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The ɛ2ζ2 Antitoxin/Toxin System

Danny Iwamoto '10 and Basil Kahwash '10


I. Introduction

The low-copy-number pSM19035 plasmid, isolated from the pathogenic bacterium Streptococcus pyogenes, contains genes for erythromycin resistance, as well as the ω-ε-ζ (omega-epsilon-zeta) operon in its SegB region, which is responsible for encoding the ε-ζ antitoxin/toxin system {Reference 3}. This functions as a postsegregational killing (PSK) system that induces programmed cell death (PCD) if the pSM19035 plasmid is ever unsuccessfully copied into each daughter cell during cell division. This process is illustrated in this pop-up diagram .  This ensures the plasmid is inherited and maintained through subsequent generations of the prokaryote, otherwise resulting in cell death {2}.  This is also known as a plasmid addiction system (PAS), since any newly born cells  lacking the plasmid will die {3).

The gene encodes for the unstable antitoxin ε and the stable toxin ζ proteins.  Proteases are thought to be responsible for the eventual breakdown of each protein, though the ζ toxin has been shown to significantly outlast the ε antitoxin in the cytoplasm {1}. A stable heterotetramer is formed by the binding of two toxin proteins and two antitoxin proteins, forming a harmless and inactive complex in the cell cytosol.  By continuously and excessively producing antitoxin, the system's toxic effects are counteracted as long as the plasmid is maintained.  Loss of the plasmid, damage of the antitoxin gene, or unsuccessful copying into a new daughter cell results in decreasing amounts of antitoxin and the liberation of toxin proteins in the cytoplasm which then become active and inhibit cell growth, cause filamentation, and eventually induce PCD {2,3}.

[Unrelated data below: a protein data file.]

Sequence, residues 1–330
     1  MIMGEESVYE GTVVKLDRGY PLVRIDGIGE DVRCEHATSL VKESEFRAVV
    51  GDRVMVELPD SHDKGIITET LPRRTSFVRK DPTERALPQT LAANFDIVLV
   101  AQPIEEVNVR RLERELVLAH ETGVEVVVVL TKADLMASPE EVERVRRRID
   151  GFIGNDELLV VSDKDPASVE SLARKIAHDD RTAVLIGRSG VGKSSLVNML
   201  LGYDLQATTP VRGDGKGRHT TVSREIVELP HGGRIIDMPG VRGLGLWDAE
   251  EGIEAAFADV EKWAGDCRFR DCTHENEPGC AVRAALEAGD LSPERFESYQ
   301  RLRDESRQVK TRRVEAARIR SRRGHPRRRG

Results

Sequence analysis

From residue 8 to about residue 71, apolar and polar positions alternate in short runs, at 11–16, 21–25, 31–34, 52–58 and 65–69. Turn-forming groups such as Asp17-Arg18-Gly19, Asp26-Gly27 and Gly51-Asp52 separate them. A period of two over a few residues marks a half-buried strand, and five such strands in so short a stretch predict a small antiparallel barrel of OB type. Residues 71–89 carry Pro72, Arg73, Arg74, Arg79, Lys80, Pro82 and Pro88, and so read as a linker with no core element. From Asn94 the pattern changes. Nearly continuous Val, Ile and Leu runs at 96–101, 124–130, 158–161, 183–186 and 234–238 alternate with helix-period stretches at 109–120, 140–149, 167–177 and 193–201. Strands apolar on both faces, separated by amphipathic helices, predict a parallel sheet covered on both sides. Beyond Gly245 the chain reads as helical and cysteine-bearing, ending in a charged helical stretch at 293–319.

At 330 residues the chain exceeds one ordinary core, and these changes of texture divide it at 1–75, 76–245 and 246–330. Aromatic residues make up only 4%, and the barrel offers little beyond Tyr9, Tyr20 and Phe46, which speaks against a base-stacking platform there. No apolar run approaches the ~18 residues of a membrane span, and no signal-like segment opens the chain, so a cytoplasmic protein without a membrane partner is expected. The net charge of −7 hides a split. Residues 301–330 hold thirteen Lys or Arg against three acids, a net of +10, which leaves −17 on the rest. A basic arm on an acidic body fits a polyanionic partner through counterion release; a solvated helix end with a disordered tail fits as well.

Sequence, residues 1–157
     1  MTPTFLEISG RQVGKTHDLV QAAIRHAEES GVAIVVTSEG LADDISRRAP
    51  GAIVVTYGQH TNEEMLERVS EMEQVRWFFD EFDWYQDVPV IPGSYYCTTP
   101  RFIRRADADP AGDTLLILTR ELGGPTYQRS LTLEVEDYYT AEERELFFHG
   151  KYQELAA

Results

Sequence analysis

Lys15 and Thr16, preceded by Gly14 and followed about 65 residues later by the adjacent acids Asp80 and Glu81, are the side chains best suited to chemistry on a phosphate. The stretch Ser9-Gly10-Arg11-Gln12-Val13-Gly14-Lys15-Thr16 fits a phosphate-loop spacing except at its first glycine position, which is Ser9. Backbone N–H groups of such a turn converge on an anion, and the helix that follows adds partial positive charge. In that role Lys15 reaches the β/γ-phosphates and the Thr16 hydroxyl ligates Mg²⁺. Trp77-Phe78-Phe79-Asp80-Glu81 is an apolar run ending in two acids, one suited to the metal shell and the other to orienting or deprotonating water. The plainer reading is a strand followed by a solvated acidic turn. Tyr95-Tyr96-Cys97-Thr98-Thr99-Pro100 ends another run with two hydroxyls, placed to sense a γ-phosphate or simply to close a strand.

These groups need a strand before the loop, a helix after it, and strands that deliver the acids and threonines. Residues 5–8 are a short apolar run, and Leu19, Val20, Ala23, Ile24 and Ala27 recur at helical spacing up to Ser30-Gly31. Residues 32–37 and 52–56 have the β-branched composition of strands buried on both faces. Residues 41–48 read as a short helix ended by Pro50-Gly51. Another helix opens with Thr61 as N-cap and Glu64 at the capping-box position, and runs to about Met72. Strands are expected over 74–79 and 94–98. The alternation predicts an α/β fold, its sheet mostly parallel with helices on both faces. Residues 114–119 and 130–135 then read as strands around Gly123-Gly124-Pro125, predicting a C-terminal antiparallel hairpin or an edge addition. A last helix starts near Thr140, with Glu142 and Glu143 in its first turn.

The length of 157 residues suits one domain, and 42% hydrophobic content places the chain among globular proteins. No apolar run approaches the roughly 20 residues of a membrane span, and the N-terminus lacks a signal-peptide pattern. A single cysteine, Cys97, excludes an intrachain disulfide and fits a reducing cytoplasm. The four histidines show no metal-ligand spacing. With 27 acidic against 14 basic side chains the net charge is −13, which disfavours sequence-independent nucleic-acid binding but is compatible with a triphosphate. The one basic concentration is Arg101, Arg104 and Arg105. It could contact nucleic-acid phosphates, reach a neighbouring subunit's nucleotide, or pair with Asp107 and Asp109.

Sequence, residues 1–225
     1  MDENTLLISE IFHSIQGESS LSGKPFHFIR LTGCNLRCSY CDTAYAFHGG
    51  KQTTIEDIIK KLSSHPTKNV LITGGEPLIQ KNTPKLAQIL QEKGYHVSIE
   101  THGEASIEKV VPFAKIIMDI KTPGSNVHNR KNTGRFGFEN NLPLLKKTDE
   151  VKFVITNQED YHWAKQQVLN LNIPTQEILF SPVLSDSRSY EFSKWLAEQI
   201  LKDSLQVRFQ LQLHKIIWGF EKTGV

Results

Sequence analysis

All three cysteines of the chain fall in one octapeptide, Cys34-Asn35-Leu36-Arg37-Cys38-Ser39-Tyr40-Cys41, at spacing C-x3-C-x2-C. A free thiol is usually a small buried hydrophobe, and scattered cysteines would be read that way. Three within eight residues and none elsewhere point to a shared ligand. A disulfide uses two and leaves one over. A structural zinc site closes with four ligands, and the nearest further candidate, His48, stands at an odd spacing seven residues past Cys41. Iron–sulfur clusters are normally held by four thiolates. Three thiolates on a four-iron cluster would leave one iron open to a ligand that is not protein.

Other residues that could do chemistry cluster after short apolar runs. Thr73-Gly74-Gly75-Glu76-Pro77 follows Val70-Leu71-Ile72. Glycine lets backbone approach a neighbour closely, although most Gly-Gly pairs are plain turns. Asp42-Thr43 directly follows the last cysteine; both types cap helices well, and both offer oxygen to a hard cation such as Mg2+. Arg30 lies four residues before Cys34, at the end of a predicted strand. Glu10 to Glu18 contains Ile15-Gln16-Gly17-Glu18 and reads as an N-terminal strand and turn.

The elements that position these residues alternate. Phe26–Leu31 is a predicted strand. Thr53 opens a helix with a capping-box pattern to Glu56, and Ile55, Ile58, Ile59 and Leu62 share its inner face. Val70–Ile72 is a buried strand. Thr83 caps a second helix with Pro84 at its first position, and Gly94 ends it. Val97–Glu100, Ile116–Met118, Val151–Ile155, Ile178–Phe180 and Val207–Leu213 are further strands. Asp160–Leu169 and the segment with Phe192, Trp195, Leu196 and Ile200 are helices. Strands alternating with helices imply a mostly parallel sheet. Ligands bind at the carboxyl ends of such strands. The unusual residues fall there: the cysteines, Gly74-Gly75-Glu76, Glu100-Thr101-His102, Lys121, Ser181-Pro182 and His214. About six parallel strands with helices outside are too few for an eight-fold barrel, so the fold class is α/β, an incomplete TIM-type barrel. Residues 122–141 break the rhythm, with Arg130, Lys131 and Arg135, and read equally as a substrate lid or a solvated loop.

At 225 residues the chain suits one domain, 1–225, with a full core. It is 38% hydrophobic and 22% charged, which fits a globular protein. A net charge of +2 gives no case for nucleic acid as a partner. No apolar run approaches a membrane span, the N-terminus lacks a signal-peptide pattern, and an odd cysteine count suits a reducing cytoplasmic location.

II. General Structure

The complete inactivation complex is a heterotetramer composed of 754 amino acids. The complex consists of two ζ proteins and two ε proteins , which form a dumbbell-shaped structure so that the two ζ proteins are bound to opposite sides of the ε2 dimer {2}.

The ε protein contains 90 amino acids , which form three alpha helices , interacting as a coiled coil and protecting the majority of the non-polar residues by internalizing them within the protein through hydrophilic reactions. Two ε proteins form the ε2 dimer , which further protects non-polar residues by sandwiching them between the ε proteins {2}.

The ζ protein contains 287 amino acids , arranged into 11 alpha helices and 6 beta sheets . The beta sheets are centrally located within the ζ protein, and all are parallel, except for the antiparallel final sheet . The two C-terminal helices are not strongly bound to the main body of the protein, forming an exposed helix-loop-helix appendage , though it does not seem to serve a function in the toxicity of the protein.  The ζ protein also contains a phosphate-binding  loop (or P-loop), an important region for the toxin's function ... {2}